Those allegations prompted a six-month investigation by the U.S. Federal Trade Commission, which Google eventually settled. The $22.5 million fine levied by the FTC was the largest such sanction in the agency’s history, and Google later agreed to pay a further $17 million in fines to settle cases in 37 U.S. states and the District of Columbia.

Google was able to avoid class-action lawsuits in the U.S., but its defense — that consumers had not suffered monetary harm — was not enough to evade British courts.

That’s right. The Feds and 37 states were able to claim damages from Google. But, US courts in their infinite concern for the almighty dollar and little else – ruled that the computer users whose privacy was deliberately abused by Google have no standing to sue in a class action because they didn’t lose any money as a result of Google’ sleazy practices.

But, in the UK, privacy is considered the right of an ordinary citizen and Google’s abuse of that right makes them liable for a class action suit by users. So saith this pissed-off cranky old geek who thinks we should have the same right here in the GOUSA.

And, yes, I think Google is just about the same level of scumbag as the NSA.

How to win friends & buy influence in Washington DC — Google edition

The Wall Street Journal recently published a report based on accidentally released documents about FTC’s two-year investigation into Google. The 160-page document concluded that Google’s “conduct has resulted—and will result—in real harm to consumers and to innovation in the online search and advertising markets.” I am sure Yelp and others would agree with that conclusion, and are contemplating further action.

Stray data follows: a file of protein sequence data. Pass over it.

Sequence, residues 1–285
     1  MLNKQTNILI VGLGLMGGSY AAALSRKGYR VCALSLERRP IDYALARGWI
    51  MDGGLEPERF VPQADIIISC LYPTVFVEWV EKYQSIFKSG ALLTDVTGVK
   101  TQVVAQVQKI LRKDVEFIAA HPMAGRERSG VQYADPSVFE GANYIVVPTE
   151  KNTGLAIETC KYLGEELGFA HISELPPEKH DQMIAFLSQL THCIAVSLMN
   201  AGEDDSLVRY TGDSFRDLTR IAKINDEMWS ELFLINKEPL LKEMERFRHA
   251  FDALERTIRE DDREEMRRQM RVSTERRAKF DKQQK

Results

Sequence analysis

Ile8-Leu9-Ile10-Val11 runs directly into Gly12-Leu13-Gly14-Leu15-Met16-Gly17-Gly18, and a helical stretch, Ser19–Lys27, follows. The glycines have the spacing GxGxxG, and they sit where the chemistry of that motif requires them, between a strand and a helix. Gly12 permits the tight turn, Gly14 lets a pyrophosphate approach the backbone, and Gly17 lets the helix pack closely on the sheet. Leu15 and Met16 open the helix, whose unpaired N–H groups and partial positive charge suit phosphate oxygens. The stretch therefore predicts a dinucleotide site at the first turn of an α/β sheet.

The search results manipulation by Google has resulted in complaints that are far worse than anything FTC could have done — people have complained of declining quality and user experience. The emergence of social and mobile environments have taken some zing out of Google. Nevertheless, the WSJ report and reading through the excerpts made me wonder if there is a correlation between FTC investigation and Google’s lobbying efforts…

And after Om’s intro to the topic – we might look back at this:

Google News buries news of Google’s FTC investigation

After the embarrassing leak of a U.S. Federal Trade Commission investigation that described how Google shifted around its search results to harm competition, Google News has shifted its search results to harm journalism, promoting instead a fluff piece glorifying Google…

The exposé of Google’s “strategy of demoting or refusing to display, links to certain vertical websites in highly commercial categories,” as described in the FTC’s 2012 investigation, which concluded that “Google’s conduct has resulted – and will result – in real harm to consumers and to innovation,” was essentially erased from existence in 2013 when Google agreed to make a few minor changes to avoid a federal antitrust lawsuit.

The Wall Street Journal noted that the FTC Commission watered down its public conclusions issued about Google before letting the company off the hook, leaving the findings of the staff investigation secret for two years.

Daniel Lyons reply is included in the AppleInsider article as an update.

Read it – and judge for yourself.